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Shrub expansion may reduce summer permafrost thaw in Siberian tundra


Blok, D; Heijmans, M M P D; Schaepman-Strub, G; Kononov, A V; Maximov, T C; Berendse, F (2010). Shrub expansion may reduce summer permafrost thaw in Siberian tundra. Global Change Biology, 16(4):1296-1305.

Abstract

Climate change is expected to cause extensive vegetation changes in the Arctic: deciduous shrubs are already expanding, in response to climate warming. The results from transect studies suggest that increasing shrub cover will impact significantly on the surface energy balance. However, little is known about the direct effects of shrub cover on permafrost thaw during summer. We experimentally quantified the influence of Betula nana cover on permafrost
thaw in a moist tundra site in northeast Siberia with continuous permafrost. We measured the thaw depth of the soil, also called the active layer thickness (ALT), ground
heat flux and net radiation in 10m diameter plots with natural B. nana cover (control plots) and in plots in which B. nana was removed (removal plots). Removal of B. nana increased ALT by 9% on average late in the growing season, compared with control plots. Differences in ALT correlated well with differences in ground heat flux between the control plots and B. nana removal plots. In the undisturbed control plots, we found an inverse correlation between B.
nana cover and late growing season ALT. These results suggest that the expected expansion of deciduous shrubs in the Arctic region, triggered by climate warming, may reduce summer permafrost thaw. Increased shrub growth may thus partially offset further permafrost degradation by future temperature increases. Permafrost models need to include a dynamic vegetation component to accurately predict future permafrost thaw.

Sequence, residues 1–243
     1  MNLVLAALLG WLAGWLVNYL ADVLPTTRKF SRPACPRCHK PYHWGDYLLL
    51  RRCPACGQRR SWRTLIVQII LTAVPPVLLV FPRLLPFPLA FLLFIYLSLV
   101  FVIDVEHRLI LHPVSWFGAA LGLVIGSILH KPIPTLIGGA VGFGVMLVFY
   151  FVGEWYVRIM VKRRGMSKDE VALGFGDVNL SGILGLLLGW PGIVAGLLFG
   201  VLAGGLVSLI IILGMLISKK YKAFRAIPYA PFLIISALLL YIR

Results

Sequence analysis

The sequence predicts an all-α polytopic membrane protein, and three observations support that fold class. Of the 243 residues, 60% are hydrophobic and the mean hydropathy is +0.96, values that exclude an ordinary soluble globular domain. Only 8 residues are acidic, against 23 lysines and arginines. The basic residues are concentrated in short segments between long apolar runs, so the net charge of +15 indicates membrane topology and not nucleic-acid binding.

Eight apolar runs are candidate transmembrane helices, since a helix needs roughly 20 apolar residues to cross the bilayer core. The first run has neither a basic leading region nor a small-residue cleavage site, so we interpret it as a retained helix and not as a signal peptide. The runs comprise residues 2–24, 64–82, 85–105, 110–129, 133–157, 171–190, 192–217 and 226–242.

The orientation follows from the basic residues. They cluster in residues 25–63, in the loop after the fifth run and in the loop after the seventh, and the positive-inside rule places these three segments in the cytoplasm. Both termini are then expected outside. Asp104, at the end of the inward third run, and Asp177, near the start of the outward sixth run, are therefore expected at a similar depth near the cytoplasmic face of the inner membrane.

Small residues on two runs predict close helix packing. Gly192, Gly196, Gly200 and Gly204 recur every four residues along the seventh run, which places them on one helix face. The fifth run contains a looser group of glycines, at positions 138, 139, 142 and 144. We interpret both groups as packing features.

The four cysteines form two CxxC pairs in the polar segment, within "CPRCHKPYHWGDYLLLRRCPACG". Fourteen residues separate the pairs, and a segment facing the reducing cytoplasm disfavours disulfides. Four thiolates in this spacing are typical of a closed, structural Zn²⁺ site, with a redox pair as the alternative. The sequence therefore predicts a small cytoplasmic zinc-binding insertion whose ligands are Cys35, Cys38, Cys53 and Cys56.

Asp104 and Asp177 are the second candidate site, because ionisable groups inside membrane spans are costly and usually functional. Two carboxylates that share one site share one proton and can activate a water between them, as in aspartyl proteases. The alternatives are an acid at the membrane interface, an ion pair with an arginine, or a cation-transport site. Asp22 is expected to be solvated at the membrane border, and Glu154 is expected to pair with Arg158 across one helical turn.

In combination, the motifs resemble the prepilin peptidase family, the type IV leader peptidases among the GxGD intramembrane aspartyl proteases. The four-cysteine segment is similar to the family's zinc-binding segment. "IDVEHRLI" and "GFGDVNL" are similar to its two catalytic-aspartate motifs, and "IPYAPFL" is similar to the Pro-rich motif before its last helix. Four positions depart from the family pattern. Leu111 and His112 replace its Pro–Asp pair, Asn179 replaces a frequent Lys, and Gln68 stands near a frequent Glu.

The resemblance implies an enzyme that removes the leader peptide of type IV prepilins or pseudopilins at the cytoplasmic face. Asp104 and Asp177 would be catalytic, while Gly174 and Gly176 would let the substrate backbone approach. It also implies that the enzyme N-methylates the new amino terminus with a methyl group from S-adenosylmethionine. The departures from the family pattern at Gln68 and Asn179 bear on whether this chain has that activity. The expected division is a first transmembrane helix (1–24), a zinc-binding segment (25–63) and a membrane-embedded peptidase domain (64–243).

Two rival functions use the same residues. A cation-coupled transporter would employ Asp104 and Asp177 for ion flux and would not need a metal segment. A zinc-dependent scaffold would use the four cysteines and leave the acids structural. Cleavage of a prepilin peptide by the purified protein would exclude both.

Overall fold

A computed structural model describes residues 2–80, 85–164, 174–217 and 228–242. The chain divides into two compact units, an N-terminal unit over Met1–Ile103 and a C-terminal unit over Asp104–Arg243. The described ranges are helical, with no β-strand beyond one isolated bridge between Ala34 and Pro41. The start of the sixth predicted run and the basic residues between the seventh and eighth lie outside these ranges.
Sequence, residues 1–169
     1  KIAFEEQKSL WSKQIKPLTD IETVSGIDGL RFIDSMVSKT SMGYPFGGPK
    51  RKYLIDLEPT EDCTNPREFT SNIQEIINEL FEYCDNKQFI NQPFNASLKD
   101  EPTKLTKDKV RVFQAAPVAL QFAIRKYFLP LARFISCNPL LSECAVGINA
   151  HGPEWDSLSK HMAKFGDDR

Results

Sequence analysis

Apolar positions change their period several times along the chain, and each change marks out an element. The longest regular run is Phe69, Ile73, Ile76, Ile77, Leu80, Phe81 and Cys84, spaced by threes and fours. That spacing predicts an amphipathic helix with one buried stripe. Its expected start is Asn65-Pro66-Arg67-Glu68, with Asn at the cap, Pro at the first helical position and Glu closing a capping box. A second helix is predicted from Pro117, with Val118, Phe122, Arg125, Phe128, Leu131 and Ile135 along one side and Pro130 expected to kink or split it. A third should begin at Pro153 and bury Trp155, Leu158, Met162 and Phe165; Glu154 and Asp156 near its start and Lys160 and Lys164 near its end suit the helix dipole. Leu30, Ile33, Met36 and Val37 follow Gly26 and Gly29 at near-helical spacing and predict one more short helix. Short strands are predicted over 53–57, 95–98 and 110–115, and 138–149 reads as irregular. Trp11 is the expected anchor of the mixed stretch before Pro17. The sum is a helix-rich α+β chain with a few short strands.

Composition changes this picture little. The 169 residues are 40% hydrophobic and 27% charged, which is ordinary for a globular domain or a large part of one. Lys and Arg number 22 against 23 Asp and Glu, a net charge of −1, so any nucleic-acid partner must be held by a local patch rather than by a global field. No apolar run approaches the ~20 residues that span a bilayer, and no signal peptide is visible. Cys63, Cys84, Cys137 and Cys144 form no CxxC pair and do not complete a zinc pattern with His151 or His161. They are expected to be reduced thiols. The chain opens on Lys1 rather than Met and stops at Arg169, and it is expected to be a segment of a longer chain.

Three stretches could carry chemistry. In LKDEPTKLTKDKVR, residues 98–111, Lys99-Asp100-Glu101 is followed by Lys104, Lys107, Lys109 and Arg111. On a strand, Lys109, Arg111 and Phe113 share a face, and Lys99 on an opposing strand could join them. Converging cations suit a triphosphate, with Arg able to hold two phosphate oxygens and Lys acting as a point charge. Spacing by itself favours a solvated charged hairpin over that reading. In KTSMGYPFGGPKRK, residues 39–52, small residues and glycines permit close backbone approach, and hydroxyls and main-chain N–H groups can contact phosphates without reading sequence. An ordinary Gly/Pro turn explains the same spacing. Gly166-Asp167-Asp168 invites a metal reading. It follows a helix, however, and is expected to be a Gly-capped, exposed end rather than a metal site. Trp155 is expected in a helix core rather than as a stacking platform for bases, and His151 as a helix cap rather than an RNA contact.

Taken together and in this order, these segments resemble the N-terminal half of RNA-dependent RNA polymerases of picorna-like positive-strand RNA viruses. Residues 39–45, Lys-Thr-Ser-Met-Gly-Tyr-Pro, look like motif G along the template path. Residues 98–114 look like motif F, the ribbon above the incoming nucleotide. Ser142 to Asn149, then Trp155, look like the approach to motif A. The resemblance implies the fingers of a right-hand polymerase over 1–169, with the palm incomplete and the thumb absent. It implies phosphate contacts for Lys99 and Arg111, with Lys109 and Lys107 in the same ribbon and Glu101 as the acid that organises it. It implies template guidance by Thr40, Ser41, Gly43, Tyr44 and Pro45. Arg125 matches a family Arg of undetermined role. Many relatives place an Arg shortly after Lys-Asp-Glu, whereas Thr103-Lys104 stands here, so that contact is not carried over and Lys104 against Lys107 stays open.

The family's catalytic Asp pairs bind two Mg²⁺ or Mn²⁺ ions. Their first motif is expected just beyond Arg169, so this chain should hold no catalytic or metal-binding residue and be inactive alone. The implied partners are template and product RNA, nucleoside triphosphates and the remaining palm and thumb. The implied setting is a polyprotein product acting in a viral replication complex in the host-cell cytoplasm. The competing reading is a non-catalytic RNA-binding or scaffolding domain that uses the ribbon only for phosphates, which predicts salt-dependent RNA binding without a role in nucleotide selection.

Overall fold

Climate change is expected to cause extensive vegetation changes in the Arctic: deciduous shrubs are already expanding, in response to climate warming. The results from transect studies suggest that increasing shrub cover will impact significantly on the surface energy balance. However, little is known about the direct effects of shrub cover on permafrost thaw during summer. We experimentally quantified the influence of Betula nana cover on permafrost
thaw in a moist tundra site in northeast Siberia with continuous permafrost. We measured the thaw depth of the soil, also called the active layer thickness (ALT), ground
heat flux and net radiation in 10m diameter plots with natural B. nana cover (control plots) and in plots in which B. nana was removed (removal plots). Removal of B. nana increased ALT by 9% on average late in the growing season, compared with control plots. Differences in ALT correlated well with differences in ground heat flux between the control plots and B. nana removal plots. In the undisturbed control plots, we found an inverse correlation between B.
nana cover and late growing season ALT. These results suggest that the expected expansion of deciduous shrubs in the Arctic region, triggered by climate warming, may reduce summer permafrost thaw. Increased shrub growth may thus partially offset further permafrost degradation by future temperature increases. Permafrost models need to include a dynamic vegetation component to accurately predict future permafrost thaw.

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Additional indexing

Item Type:Journal Article, refereed, original work
Communities & Collections:07 Faculty of Science > Institute of Evolutionary Biology and Environmental Studies
Dewey Decimal Classification:570 Life sciences; biology
590 Animals (Zoology)
Uncontrolled Keywords:active layer thickness, Betula nana, climate warming, ground heat flux, permafrost degradation, tundra vegetation
Language:English
Date:April 2010
Deposited On:20 May 2010 12:13
Last Modified:05 Apr 2016 14:08
Publisher:Wiley-Blackwell
ISSN:1354-1013
Publisher DOI:https://doi.org/10.1111/j.1365-2486.2009.02110.x
Permanent URL: https://doi.org/10.5167/uzh-34154

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